It’s a great time for America’s beer drinkers. Craft beer is more popular than ever, and more breweries are cropping up every day. But you can’t tell a pilsner from a bock? An IPA from a witte? Confused by whiskey-like barrel aged beers and crisp, fruity saisons? Are you thirsty, but not sure where to start? Start Here. This book will take you through the main elements that make beer what it is, from malt to hops to water, and introduce you to fantastic brews around the country that highlight the diverse styles and ingredients of the beer world. From where to find it to what glass to put it in, you’ll learn everything you need to know (and then some!). Time to get drinking, and remember—Beer is for Everyone!
Beer is a complex beverage, it can be brewed to many styles, it can have many flavors, its ingredients can be combined to evoke many flavors. It is a true blend of science and art. But you know what else beer is? Beer is fun, be can be for everyone and that’s the ethos cartoonist, and Advanced Cicerone® Em Sauter espouses in her book, Beer is for Everyone (of drinking age). For a beverage that brings people together and can be a conversation piece, there’s sometimes a little too much analyzing of the beer (says the guy with a beer blog). Em takes a fun, straightforward approach and while she does highlight the beer geeky side of the beer in her cartoons, it is from a joyous perspective. Not an easy line to tow, but Em does so with elegance.
As one does when one first acquires a book, I thumbed through the pages to find some beers I enjoy or have had. I wanted to know if Em enjoyed some of the same beers I enjoyed. I soon stopped the quick scan and restarted the book to take my time and really absorb each comic/page.
The cartoons for each beer are pure enthusiasm, the joy of Victory Prima Pils, the comforting elements of a beer like Sierra Nevada Pale Ale, the discovery of a beer with unique elements like Short’s Melt My Brain. If Beer is for Everyone! was just a collection of Em’s review strips, it would be a worthy addition to a beer geek’s bookshelf. But where it transcends what could have been a pretty simple book are the illustrations/strips highlighting the styles, brew processes, and ingredients that separate one beer from another. For example, how the various kinds of malts influence the color of the beer, the flavor evocations from hops, and so forth. Depending on the beer featured, Em provides fun anecdotal bits of information about the style or from where the brewery drew inspiration for the name.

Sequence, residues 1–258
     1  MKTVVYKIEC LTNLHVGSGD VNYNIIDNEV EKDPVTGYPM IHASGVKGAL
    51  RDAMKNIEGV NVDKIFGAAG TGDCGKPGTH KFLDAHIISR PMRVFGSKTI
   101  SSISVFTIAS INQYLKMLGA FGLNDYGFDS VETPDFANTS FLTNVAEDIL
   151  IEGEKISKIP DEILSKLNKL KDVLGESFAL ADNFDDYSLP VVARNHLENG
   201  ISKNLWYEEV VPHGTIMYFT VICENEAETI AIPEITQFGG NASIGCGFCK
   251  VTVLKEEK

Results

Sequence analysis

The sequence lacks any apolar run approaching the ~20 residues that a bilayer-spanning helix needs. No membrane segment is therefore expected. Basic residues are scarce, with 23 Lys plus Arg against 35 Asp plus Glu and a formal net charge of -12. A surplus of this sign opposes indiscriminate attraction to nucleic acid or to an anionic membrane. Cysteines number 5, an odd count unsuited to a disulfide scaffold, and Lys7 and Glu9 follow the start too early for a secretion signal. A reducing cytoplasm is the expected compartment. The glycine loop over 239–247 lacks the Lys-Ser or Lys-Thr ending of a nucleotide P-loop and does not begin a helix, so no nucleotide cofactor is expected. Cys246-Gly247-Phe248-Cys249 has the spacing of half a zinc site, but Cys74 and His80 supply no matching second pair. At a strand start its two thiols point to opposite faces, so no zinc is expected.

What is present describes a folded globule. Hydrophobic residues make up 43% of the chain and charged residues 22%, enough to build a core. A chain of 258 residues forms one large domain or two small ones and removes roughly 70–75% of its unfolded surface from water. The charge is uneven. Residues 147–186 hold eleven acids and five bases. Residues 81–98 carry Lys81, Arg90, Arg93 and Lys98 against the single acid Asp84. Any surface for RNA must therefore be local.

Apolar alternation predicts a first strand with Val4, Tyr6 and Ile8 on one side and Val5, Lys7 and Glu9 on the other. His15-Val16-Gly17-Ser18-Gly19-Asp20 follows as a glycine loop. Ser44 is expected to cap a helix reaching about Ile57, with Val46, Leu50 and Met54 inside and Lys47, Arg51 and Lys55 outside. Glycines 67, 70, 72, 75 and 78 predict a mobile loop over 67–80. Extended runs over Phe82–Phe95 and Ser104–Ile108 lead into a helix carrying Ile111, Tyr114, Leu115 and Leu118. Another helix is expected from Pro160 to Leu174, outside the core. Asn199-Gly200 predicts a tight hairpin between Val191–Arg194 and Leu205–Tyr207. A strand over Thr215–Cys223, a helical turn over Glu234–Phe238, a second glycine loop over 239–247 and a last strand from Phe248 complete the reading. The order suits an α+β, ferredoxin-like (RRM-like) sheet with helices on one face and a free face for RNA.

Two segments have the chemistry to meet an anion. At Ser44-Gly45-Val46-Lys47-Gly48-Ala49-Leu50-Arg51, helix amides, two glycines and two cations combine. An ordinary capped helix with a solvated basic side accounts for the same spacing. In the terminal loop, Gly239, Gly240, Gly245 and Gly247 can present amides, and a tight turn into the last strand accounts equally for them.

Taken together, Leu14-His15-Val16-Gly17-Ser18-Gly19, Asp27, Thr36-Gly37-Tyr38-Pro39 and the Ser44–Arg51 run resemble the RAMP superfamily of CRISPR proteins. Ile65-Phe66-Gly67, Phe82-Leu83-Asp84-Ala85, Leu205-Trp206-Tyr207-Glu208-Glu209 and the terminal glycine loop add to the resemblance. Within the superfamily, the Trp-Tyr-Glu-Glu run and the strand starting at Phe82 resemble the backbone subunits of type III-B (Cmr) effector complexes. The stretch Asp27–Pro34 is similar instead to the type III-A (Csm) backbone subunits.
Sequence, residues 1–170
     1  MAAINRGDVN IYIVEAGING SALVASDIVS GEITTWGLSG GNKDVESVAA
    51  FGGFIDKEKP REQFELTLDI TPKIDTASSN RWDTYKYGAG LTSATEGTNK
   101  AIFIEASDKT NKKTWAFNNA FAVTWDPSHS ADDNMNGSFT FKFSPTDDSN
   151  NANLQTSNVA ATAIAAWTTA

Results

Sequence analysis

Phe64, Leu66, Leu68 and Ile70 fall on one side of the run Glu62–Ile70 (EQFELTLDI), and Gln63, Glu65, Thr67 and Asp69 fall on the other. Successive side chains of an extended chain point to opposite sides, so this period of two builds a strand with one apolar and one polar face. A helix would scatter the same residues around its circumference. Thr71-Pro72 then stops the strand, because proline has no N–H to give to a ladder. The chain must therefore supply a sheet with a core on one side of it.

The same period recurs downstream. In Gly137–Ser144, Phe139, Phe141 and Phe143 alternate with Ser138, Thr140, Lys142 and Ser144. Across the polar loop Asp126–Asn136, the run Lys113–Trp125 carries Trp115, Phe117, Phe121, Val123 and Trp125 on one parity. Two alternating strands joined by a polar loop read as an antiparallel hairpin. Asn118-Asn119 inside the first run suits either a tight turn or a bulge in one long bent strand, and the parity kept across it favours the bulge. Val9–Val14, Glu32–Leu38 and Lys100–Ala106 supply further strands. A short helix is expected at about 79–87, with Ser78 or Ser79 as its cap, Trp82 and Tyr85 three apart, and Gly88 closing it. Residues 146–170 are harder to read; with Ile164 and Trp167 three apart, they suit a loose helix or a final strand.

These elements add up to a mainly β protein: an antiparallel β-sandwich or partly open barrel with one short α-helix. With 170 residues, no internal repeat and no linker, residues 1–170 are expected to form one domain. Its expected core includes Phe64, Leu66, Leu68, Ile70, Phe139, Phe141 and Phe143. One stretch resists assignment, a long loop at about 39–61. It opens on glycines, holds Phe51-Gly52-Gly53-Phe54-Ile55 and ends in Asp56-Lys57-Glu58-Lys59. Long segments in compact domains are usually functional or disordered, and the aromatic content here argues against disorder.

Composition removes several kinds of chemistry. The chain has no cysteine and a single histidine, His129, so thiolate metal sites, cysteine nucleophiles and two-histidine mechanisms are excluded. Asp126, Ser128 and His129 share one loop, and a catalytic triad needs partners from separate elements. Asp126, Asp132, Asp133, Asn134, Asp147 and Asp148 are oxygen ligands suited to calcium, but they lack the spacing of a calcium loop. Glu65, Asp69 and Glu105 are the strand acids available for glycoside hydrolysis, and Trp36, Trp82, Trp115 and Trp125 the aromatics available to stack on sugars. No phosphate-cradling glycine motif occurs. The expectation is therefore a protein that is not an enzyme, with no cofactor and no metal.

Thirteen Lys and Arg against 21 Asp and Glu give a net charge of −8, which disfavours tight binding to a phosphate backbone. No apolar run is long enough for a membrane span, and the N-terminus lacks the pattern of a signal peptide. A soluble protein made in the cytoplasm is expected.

The book is organized smartly, too. Beers where malt is the driving factor behind flavor are grouped together, as are those where the yeast has the most influence, as well as a chapter/grouping for “Whale Beers” – those beers that have attained an almost mythical status due to the difficulty in procuring them like 3 Floyds’ Dark Lord.
Em is an extremely qualified, creative person, and supremely enthusiastic. She is an advanced Cicerone and spent time working at Two Roads Brewing Company (one of my favorites) when the book was published. Those qualities come together elegantly in this book and the work she does on a regular basis on her website and social media. What makes the book so effective, entertaining, and joyful is the enthusiastic way she presents her knowledge.
Beer is for Everyone(of drinking age) is an essential beer book for any fan of beer or comics/cartoons. It is a joyous reminder that beer is fun, can and should bring people together, and a beverage with a great, storied history.
Em is absolutely a must-follow on twitter, Instagram, or her website Pints and Panels, where she posts new artwork regularly and always offers a fantastic perspective on beer.
Coffee Porter with cinnamon & vanilla. Made with @maidencoffee – this beer is 6.7% and has a Smooth chocolate and coffee presence up front with an overall warming vanilla finish with a touch of cinnamon.
Forgotten Boardwalk has been a mainstay of the NJ Independent Brewing scene since 2014 and is one of the small, but growing number of women owned breweries in the state. Jamie Queli’s passion for NJ shines through in the beers and name, which is an homage to the always popular New Jersey shore. This beer is a call out to a specific event:
The SS Morro Castle mysteriously caught fire in 1934, consuming the ship, its contents, and 137 passengers and crew. The wreck burned for days off the shores of Asbury Park. Curiously, the captain was found dead in his quarters the previous night, never making his final brunch aboard ship.
I visited Forgotten Boardwalk in November 2018 as part of my birthday brewery tour, they were the first stop, and I really liked the taproom, atmosphere and most importantly, the beers. Last Brunch was a standout on draught and I’ve been seeking out cans of it since, and finally found some.
I get a little bit of coffee aroma from the can, a little more when it fills the glass. It looks like a porter, definitely – it might be a little of an extremely dark brown than black, but that’s just nitpicking.
The can & description indicates the beer is made with vanilla and cinnamon, but I get more cinnamon than vanilla. The cinnamon really pops on the flavor, the vanilla seems to be more in the background. I’d guess the vanilla may be balancing the bitter elements from the coffee and base liquid of the beer itself. The taste follows the beer description – roasted malts (porter) and coffee. I’ve taken to adding a few dashes of cinnamon in my coffee grinds when I brew my morning coffee so this beer is hitting a lot of positive notes for me. If there’s any comment on the negative side I can make is that the body of the beer is a little thin. But the flavor more than makes up for it.